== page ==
Thursday, April 18, 2013

A Tiger Tea bus


1900 advertisement, Toitu Otago Settlers Museum, Dunedin
There's no other tea like the Tiger,
It's no matter what they say,
And if you want a real good sort
Then have the Blendid [sic] Tiger Tea.

Then there's no tea like the Tiger,
Not withstanding all their puff,
They try to imitate its qualities
But they haven't got the stuff.

Then drink no Blend but the Tiger,
For its merits are supreme,
The other comparisons are just similar,
As skim milk is to cream.
Ashburton Guardian, 6 April 1894

Tiger Tea turned up in this country as an imported blend around 1888, and became the brand produced by Rattray & Sons, Dunedin. By the 1890s, the brand was well-established in the South Island.




Tuapeka Times, 31 January 1903


Otago Daily Times, 29 February 1912


Evening Post, 4 December 1945


At the Toitu Otago Setters Museum in Dunedin, they have a wonderful Tiger Tea livery electric trolley bus.


Gorgeous, this. Not only with the extremely cool Tiger Tea branding all over it ...


... but also a chance to sit inside the bus, on the original hard seats (oh, how it put me back to being a kiddy catching buses like this here in Auckland with my mum!) where you can watch a video screen placed up front, showing what it was like to catch that bus in the mid 1970s along one of the Dunedin bus routes, along with conversations based on a single newspaper of the day. A highlight of an excellent museum.

21 comments:

  1. This comment has been removed by the author.

    ReplyDelete
  2. This comment has been removed by the author.

    ReplyDelete
  3. I don't believe we had Tiger Tea here, but the ads and the trolley bus rather make me wish he do. I guess it no longer available.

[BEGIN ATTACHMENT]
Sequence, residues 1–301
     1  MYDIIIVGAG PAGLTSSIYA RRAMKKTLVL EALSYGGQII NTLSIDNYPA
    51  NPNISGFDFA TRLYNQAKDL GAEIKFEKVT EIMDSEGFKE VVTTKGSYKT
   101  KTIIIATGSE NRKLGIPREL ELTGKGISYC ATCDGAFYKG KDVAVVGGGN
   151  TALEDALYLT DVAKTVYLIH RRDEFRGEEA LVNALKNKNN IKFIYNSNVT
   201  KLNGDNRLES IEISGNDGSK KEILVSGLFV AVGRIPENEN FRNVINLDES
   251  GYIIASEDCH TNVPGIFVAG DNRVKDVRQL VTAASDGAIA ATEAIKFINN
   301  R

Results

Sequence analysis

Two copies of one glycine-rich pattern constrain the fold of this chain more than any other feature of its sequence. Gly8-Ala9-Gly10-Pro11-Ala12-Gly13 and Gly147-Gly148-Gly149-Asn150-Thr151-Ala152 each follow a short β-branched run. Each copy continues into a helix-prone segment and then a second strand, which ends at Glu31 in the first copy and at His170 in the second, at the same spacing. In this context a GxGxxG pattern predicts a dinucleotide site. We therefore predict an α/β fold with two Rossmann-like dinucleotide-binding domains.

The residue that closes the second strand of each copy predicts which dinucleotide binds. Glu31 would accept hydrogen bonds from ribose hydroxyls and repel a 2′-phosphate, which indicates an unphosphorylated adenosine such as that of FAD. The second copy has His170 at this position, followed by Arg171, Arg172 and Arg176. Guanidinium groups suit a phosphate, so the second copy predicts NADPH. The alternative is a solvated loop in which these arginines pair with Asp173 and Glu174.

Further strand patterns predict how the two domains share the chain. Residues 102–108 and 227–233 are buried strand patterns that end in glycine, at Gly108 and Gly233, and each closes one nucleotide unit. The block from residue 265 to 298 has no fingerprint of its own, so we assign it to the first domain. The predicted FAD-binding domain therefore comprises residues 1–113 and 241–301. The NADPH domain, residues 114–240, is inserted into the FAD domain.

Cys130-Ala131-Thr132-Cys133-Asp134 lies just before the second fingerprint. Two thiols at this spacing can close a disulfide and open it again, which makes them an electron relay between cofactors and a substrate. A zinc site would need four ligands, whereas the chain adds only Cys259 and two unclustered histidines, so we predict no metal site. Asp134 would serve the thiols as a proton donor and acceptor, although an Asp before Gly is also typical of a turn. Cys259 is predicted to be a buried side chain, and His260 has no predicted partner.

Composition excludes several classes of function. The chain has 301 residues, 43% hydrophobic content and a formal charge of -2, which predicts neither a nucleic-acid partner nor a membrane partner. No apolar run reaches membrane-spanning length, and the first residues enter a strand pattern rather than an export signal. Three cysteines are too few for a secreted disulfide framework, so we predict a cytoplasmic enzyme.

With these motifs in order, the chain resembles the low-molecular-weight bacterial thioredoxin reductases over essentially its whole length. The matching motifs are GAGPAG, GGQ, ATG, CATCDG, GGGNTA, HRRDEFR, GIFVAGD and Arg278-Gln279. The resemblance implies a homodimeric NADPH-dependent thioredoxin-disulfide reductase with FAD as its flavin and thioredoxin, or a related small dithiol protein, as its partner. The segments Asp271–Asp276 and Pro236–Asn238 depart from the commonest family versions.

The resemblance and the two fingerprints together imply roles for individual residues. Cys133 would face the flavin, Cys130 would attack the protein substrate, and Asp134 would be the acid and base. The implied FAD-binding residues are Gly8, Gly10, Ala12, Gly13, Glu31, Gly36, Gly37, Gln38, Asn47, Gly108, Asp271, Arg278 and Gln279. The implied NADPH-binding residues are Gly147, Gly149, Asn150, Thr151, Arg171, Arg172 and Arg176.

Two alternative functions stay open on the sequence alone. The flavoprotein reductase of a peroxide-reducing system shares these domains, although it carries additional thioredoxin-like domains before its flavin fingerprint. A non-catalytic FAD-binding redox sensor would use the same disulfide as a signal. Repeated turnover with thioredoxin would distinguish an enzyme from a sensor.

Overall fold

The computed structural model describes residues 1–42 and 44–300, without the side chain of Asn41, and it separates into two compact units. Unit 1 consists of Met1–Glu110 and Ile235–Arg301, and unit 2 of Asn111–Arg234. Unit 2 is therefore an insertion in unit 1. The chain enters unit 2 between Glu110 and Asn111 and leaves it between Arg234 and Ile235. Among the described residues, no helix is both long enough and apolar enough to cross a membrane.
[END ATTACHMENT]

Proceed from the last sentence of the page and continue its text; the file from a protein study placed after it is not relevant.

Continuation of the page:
ReplyDelete
    Replies
    1. On a quick look, it seems someone tried selling "Tiger blend" tea in Melbourne in the late 1880s-c.1892, but got hauled up in court in the latter year on trademark breach charges. Haven't the head at the moment to read the whole case and the outcome, but references in Trove after that are rare.

      Delete
  4. This comment has been removed by the author.

    ReplyDelete
    Replies
    1. As far as I remember, International Tea Co (NZ) Ltd was part of The Bell Tea Co Ltd. I used to work for Bell Tea.

      Delete
  5. That's a bit of a worry, then. I found a partly-used Tiger Tea packet in my pantry cupboard today ...

    ReplyDelete
  6. This comment has been removed by the author.

    ReplyDelete
  7. It was still on sale last year here in Dunedin, but I haven't looked recently. Nice tea - I'm not sure if it was the same as regular Bell or not.

    ReplyDelete
  8. This comment has been removed by the author.

    ReplyDelete
  9. I've sent you a pic via Facebook - I did see their page for Tiger (maybe last year) before it was taken down.

    ReplyDelete
  10. This comment has been removed by the author.

    ReplyDelete
  11. This comment has been removed by the author.

    ReplyDelete
  12. I am so glad I found this blog. I am the biggest Tiger Tea fan, ever! Nothing compares. So when I went to Southland two months ago I brought a huge box-load back to the Waikato (where you cannot buy it!).
    ALSO, I was perusing through a store in Raglan and found a whole bunch of Tiger Tea canisters - I couldn't believe my luck. I tried to explain to the shop owner that they were Tiger Tea canisters, and she thought I was speaking a whole different language saying, 'no, they're made in NZ'. Rest assured, I finally got my message across (how can you think Tiger Tea is from India!?) and bought two (as they were selling at $30 a pop!). I have enjoyed Tiger Tea everywhere I travel. From Cape Reinga to the Bluff and in Western Australia: Broome, Carnarvon, Perth, Esperance and everywhere in between! I even have the pics to prove it! If Bell Tea phase it out, I will not be a happy lass!

    ReplyDelete
  13. This comment has been removed by the author.

    ReplyDelete
  14. Just enjoying a cup right now....purchased from New World St martins Christchurch. I was a bit dubious since i hadn't had a cup since the 70's and didn't think it would rate against Twinings Irish Breakfast or Dilmah. BUT I am most impressed ...deleicious!! :-)

    ReplyDelete
  15. An article in the "Otago Witness" newspaper dated 11 June 1891 states J Rattray & son of Dunedin, tea blenders, introduced the blend Tiger last year (ie 1890)

    ReplyDelete
  16. I used to get this tea but have been told you can't anymore? Like all things I love we must do away with it.

    ReplyDelete